Reviewing a John Hughes movie is fairly pointless. As the success of last year's ``Uncle Buck' proved, this writer-director holds great appeal for the mass audience, no matter what the critics say.

``Home Alone,' his latest feature, is nearly as bad as ``Buck,' and it will probably be almost as popular. Apparently, precocious children and sadistic slapstick is a combination America wants to see.The film is based on a contrived premise. When his family leaves home for a Christmas vacation in Paris, 8-year-old Kevin (Macaulay Culkin) is left behind.

Now, given the large size of his family, it's conceivable that Kevin might get overlooked. But then the film insists we believe that Kevin enjoys the experience of being abandoned - rather than being scared out of his wits - and doesn't even bother to run to the neighbors for help.

The danger comes in the form of two burglars, who stake out the house after realizing the family is going away. They never counted on Kevin, though, who manages to protect his property in a variety of clever ways.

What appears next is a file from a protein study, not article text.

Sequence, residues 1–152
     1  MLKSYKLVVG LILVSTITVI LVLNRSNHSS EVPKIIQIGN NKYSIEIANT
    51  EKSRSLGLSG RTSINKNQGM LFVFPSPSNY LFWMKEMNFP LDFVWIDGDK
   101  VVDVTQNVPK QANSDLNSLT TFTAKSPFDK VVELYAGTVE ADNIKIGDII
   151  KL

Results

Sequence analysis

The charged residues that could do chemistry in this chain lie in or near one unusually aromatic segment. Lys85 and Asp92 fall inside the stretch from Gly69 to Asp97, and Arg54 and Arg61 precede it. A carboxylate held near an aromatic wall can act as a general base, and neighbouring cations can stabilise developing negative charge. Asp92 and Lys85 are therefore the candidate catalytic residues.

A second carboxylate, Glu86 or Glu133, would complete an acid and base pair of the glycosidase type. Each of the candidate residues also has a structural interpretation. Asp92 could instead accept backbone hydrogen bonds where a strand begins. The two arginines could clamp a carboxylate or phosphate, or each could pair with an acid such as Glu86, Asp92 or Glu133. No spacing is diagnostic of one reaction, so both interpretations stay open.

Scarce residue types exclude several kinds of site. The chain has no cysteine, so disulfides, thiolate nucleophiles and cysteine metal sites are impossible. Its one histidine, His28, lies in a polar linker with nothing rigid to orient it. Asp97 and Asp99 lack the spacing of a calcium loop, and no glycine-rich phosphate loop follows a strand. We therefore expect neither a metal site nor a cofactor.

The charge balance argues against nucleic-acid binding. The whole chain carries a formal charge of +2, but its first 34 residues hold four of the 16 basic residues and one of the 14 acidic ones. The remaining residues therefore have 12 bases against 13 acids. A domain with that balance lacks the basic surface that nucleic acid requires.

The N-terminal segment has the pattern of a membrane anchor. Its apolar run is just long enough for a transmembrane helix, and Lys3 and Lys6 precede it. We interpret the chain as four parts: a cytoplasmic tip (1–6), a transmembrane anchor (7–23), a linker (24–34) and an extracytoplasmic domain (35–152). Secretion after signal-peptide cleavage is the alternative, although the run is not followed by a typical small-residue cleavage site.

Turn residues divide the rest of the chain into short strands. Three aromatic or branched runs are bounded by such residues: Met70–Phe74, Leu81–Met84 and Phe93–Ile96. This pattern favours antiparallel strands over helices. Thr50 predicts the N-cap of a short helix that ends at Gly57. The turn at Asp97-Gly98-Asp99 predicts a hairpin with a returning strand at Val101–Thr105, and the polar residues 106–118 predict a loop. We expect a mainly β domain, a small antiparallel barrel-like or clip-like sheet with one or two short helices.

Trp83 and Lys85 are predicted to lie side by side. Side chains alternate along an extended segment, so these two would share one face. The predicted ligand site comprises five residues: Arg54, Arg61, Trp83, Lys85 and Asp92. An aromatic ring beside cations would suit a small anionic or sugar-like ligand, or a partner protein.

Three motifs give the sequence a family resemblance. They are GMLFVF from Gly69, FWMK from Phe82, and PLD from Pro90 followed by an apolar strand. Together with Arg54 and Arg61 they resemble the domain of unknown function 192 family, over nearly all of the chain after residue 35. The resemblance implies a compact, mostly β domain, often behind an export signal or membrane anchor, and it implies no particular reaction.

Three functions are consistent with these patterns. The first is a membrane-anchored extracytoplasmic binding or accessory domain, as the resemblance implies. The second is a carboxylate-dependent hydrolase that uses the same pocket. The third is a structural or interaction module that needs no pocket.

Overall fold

Like most kids in John Hughes movies, Kevin speaks in full sentences, many of which contain parenthetical phrases. He is, to be sure, precocious. But his IQ seems to go up and down from scene to scene, depending upon the plot.

He's smart enough to turn his home into a makeshift mine field, utilizing various household appliances. But he's so dumb he marches out in front of the burglars, who are sitting in their truck just outside his door, to cut down a Christmas tree.

All right, you're probably thinking: So it's unbelievable, but is it amusing? The answer is no, unless you're a fan of mean-spirited, sub-Stooges slapstick.

Better to stay home alone than to go out and see ``Home Alone.'Left alone by his family, Macaulay Culkin defends the house against two bumbling burglars in 'Home Alone'

Review HOME ALONE RATING: PG THEATERS: Janus, Brassfield and Four Seasons in Greensboro and the Marketplace in Winston-Salem.

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